You won't cloud these clubs' reputations. Who knows, you might even improve them.
Among the more frequently quoted Groucho Marxisms is some version of the line, “I don’t want to belong to any club that will accept people like me as a member.” It’s one thing to feel that way about Beverly Hills high society, or potential mates, but when it comes to running clubs, one needn’t worry about this exclusivity paradox. Some of the best teams in the United States are open to anyone who wishes to join, while also fostering Olympic-caliber talent. Your presence is unlikely to tarnish the reputation of any of the following clubs. Who knows, it may even improve it.
Central Park Track Club, New York City
Club Size: 300 members
Fees: $160 annually ($65 reduced rate)
Sponsor: New Balance
Founded in 1972, Central Park Track Club is one of New York City’s largest competitive running teams. Stop by any New York Road Runners race and you are likely to see a herd of orange singlets bearing the club’s maple leaf. The team caters to road and track runners, as well as cross-country athletes and sprinters—all of whom train in and around the country’s most populous city. On Thursday nights at 7, year-round, the road crew meets in front of the Daniel Webster statue on the western side of Central Park for tempo runs. It’s a great way to get a free, and fast, tour of the park.
Greater Boston Track Club, Boston
Club Size: 200 members
Fees: $90 first year, $75 after that
Sponsor: Formerly Saucony
The Greater Boston Track Club was started on the Boston College campus in 1973 by collegiate standouts looking for a way to keep competing after graduation. One of the group’s first recruits was none other than Bill Rodgers, who would go on to become a four-time winner of the Boston Marathon and American record holder in the distance. For running nostalgics, Greater Boston represents a throwback to a time when the club system was at its peak, before the rampant professionalization of the sport. (When Rodgers first won Boston, in 1975, he was wearing a mesh t-shirt with the club name scrawled on in black magic marker.)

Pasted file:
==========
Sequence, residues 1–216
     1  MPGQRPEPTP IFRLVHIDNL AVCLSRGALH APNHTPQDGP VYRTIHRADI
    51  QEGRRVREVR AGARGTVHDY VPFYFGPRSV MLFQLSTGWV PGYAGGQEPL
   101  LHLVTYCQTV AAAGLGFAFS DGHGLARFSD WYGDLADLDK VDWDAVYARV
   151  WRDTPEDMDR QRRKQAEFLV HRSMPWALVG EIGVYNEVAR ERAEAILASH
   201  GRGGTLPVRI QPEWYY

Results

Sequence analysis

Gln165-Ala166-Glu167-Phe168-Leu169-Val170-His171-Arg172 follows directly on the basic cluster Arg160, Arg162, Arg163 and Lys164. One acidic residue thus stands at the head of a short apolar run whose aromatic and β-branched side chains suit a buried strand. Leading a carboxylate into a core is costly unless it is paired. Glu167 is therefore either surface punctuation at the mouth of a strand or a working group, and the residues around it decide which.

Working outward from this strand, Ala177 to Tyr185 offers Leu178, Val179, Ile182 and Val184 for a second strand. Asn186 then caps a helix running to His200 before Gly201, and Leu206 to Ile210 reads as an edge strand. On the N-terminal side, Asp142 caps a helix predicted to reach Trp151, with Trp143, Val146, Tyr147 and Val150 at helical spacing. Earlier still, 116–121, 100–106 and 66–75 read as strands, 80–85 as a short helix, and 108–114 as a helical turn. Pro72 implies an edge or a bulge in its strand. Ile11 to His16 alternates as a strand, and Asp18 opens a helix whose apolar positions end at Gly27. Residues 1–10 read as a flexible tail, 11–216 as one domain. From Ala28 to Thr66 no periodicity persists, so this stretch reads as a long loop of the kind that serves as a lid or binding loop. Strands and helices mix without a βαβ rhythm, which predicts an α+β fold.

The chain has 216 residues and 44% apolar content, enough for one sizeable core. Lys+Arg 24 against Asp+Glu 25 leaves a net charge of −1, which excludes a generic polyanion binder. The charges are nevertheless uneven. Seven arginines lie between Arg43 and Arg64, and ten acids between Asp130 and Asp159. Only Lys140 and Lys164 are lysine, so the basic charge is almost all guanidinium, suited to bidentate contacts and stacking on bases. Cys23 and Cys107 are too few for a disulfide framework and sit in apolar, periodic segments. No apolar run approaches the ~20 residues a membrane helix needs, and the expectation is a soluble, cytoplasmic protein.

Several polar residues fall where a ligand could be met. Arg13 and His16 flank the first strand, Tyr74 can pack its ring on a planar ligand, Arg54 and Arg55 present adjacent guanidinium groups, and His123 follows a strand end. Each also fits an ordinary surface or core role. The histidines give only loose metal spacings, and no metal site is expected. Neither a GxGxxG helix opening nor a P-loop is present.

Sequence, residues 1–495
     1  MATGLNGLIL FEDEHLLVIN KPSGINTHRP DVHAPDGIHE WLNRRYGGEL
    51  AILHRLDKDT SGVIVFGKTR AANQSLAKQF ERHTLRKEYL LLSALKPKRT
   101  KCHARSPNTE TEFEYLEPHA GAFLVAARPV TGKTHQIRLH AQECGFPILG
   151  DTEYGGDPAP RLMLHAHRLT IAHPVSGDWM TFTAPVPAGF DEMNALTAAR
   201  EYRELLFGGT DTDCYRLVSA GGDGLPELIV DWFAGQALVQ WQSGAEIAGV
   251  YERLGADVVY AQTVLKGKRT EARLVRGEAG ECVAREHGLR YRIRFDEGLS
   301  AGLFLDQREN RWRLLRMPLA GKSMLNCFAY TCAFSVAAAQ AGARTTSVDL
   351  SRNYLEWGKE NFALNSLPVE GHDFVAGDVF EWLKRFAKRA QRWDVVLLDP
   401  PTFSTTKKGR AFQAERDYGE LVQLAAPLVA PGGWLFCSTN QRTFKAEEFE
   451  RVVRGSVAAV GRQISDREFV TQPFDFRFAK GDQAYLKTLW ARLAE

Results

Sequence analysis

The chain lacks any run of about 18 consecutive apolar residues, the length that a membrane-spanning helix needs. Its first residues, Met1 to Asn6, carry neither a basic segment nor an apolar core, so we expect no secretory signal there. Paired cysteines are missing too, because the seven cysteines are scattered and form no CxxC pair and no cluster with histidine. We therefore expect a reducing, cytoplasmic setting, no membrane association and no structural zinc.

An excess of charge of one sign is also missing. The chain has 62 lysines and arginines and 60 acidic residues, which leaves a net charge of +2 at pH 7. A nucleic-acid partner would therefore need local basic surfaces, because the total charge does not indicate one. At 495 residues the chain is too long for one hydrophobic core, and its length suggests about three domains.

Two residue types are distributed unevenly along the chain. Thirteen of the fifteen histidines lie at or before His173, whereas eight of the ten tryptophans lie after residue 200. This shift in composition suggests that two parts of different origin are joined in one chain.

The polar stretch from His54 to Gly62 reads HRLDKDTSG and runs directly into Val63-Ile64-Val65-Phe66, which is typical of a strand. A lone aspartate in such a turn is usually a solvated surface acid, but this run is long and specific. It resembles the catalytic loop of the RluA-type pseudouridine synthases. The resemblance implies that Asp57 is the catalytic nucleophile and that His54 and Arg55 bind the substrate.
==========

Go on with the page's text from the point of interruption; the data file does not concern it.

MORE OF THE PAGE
Team Run Flagstaff, Flagstaff
Club Size: 300 members
Fees: $105 annually
Sponsor: Under Armour
There are few better places to train than Flagstaff, Arizona. The town’s vast trail network and 7,000-foot elevation has attracted numerous professional runners over the years. Among them is Olympic hopeful and 2:11 marathoner Nick Arciniaga—a local hero who is also an assistant coach at Team Run Flagstaff. The club, which recently created an elite team for athletes like Arciniaga and trail warrior Rob Krar, welcomes all ability levels to its tempo runs and interval workouts on the Northern Arizona University track.
Seattle Running Club, Seattle
Club Size: 250 members
Fees: $50 annually, $500 lifetime membership
Sponsor: Brooks (only the cross-country team)
With its strong focus on trail running, one of the perks of being a member of the Seattle Running Club is that Sunday long run destinations, featuring some of the most spectacular landscapes in the Pacific Northwest, like Cougar Mountain or Mount Si. Among various other events, the club puts on an annual beer ultra marathon called the Fat Glass 50K, in which participants drink a beer and run a 5.2 mile loop . . . six times. Members also participate in trail work around the city.
The Town of Eugene, Eugene
Club Size: 150,000 members
Sponsor: Nike (unofficially)
It would be unacceptable to write a list of U.S. running clubs and not include one from Eugene, Oregon, i.e. Track Town USA. But therein lies a problem. In the case of Eugene, it is actually impossible to choose just one. The sport of running is so embedded in the local community that separate teams exist for pretty much every category of runner: from former collegiate runners who want to keep competing at an elite level, to seven-year-olds for whom running is what soccer or Little League is to other kids. Eugene’s marquee professional club, the Oregon Track Club Elite, is home to Olympic gold-medalist and decathlon world-record holder Ashton Eaton.